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Minority Share-Holder’s Equity Protected After Unexpected Passing Of Partner

Family And Business Relationships Preserved, Income Needs Addressed

The situation presented here is an illustration based on real life circumstances. It demonstrates the approach Whitnell might use to resolve a complex set of issues related to the transition of a privately owned business. Please note that we have changed the names and details of this client to protect their privacy.


The Client Situation

Fred is a 62-year old entrepreneur who is now facing a very difficult situation that puts his net-worth at tremendous risk. Fred is the minority share-holder in a steel manufacturing business that comprises the majority of his net worth. While Fred has a healthy investment portfolio, it pales in comparison to the value of his equity in the company.

The steel manufacturing business is worth more than 50 million dollars and it has provided a very comfortable living for Fred and his family for over two decades. However, the majority share holder in the firm, Steven, recently passed away, very unexpectedly.

Steven was far more than a business partner to Fred. When Fred was just out of college, Steven became his mentor and saw some things in Fred that he didn’t see in himself. Steven believed in Fred and taught him a great deal about business. Steven even offered Fred a minority share when they opened the steel manufacturing business together.

Over the years, Fred and Steven’s families became very close and they watched each other’s children grow up. Truth be told, Fred saw Steven as a father figure as much or even more as he did a business partner. Fred’s loyalty to Steven was immeasurable. Fred felt like he owed Steven a great deal for all that Steven had done for him.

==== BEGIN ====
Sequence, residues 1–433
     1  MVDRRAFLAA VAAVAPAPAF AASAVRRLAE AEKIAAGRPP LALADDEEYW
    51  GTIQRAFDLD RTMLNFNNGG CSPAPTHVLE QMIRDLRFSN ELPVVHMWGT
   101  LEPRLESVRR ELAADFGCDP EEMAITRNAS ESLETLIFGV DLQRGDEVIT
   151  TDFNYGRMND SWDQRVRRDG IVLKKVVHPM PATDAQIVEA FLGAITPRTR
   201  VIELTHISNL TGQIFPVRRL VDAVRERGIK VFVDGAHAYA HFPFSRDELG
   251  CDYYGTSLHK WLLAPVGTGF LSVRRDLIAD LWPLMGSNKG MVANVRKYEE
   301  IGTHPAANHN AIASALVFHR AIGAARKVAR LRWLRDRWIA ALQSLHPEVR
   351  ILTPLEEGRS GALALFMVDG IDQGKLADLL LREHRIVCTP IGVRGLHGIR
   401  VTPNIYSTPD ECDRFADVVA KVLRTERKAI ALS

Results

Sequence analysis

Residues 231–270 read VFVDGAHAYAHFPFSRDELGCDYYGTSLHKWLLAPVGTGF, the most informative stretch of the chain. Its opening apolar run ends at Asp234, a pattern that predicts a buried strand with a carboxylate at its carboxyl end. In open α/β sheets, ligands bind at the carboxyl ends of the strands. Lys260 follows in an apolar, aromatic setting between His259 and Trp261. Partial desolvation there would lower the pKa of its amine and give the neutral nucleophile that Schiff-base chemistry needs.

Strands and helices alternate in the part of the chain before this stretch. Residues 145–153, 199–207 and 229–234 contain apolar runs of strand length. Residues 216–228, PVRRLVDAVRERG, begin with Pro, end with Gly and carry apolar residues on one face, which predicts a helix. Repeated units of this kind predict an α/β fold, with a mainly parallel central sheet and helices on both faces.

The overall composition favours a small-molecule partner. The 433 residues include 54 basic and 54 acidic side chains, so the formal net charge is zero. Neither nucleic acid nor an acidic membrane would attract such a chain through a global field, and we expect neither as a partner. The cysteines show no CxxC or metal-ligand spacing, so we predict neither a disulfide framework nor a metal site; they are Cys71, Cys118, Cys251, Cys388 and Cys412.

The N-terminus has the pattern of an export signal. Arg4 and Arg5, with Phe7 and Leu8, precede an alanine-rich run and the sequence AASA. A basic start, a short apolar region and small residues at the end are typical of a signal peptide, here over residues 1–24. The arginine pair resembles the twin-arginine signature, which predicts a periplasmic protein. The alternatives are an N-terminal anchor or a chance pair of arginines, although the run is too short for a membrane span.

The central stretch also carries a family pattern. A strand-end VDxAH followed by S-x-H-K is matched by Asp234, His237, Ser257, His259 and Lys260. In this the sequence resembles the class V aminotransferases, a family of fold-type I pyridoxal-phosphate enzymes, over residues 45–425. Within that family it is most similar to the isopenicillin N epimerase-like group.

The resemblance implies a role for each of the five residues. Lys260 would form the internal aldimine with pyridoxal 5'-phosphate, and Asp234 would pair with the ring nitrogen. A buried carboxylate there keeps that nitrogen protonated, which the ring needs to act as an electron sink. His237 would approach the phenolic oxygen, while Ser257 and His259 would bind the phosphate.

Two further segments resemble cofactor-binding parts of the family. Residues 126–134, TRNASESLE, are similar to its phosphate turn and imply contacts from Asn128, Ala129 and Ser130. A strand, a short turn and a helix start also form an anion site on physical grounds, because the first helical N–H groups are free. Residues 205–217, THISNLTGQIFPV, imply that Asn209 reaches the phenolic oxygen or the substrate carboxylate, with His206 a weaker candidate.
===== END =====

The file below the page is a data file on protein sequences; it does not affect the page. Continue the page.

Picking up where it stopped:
Steven’s unexpected death had a major impact on Fred. Not only did Fred lose a dear friend, he also lost a business partner who had been instrumental in the success of the company. Steven’s intimate knowledge of the industry would be very hard to replace. Even thought Steven was in his 70s, he still worked 40-50 hours per week and handled a lot of responsibility. Fred did not know who would do the work Steven used to do.

But there was another, even bigger problem for Fred. Steven had expected to live much longer and so had not drafted any formal agreements regarding how his equity in the company should be handled. Steven had been married to Jessica for over 40 years and they had a grown son named Thomas who did not work in the business. Thomas was something of a free spirit who never quite grasped the value of hard work.

Even though he never anticipated this, Fred was now in business with Jessica because all of Steven’s equity passed to her upon Steven’s death. What’s more, should something happen to Jessica, Fred would be in business with Thomas – and in a minority decision-making position. This possibility was very unattractive to Fred.

Fred was feeling tremendously torn. The steel manufacturing business was all he had ever known. He wanted to keep the business thriving not only for his own family, but also to maintain Steven’s legacy. Fred felt that he had many good working years ahead of him.

Although Jessica did not want to step into a management position in the business and was not qualified to do so, she did want a living income similar to what Steven used to provide. Fred felt completely obligated to deliver this. If Jessica demanded the equity from her husband’s estate, Fred would be forced to liquidate the business.

Fred had intended to grow the business 10% per year until he was 75 and then seek an exit strategy. When Fred analyzed the impact on the value of his net worth between selling at age 62 and age 75, the difference to him was in the millions of dollars.

Fred and Jessica sat down and had a conversation about these topics. Quickly they discovered that they really didn’t know what to do to ensure everyone’s goals were met. They decided to seek out a professional advisor to help them sort through the issues and create a plan.

Our Analysis & Recommendations

When we first met Fred and Jessica, we listened to their story carefully. After considering their situation, we arrived at a few conclusions. Our analysis suggested that three entities were at risk: Jessica and family, Fred and family and the business.

Jessica and family’s risk:

  • If Fred were to pass away unexpectedly, the business would be left without senior leadership. This would likely mean that Jessica would have to sell the business. Since it would be without leadership, the value of the business, and thus Jessica’s proceeds, would be greatly diminished.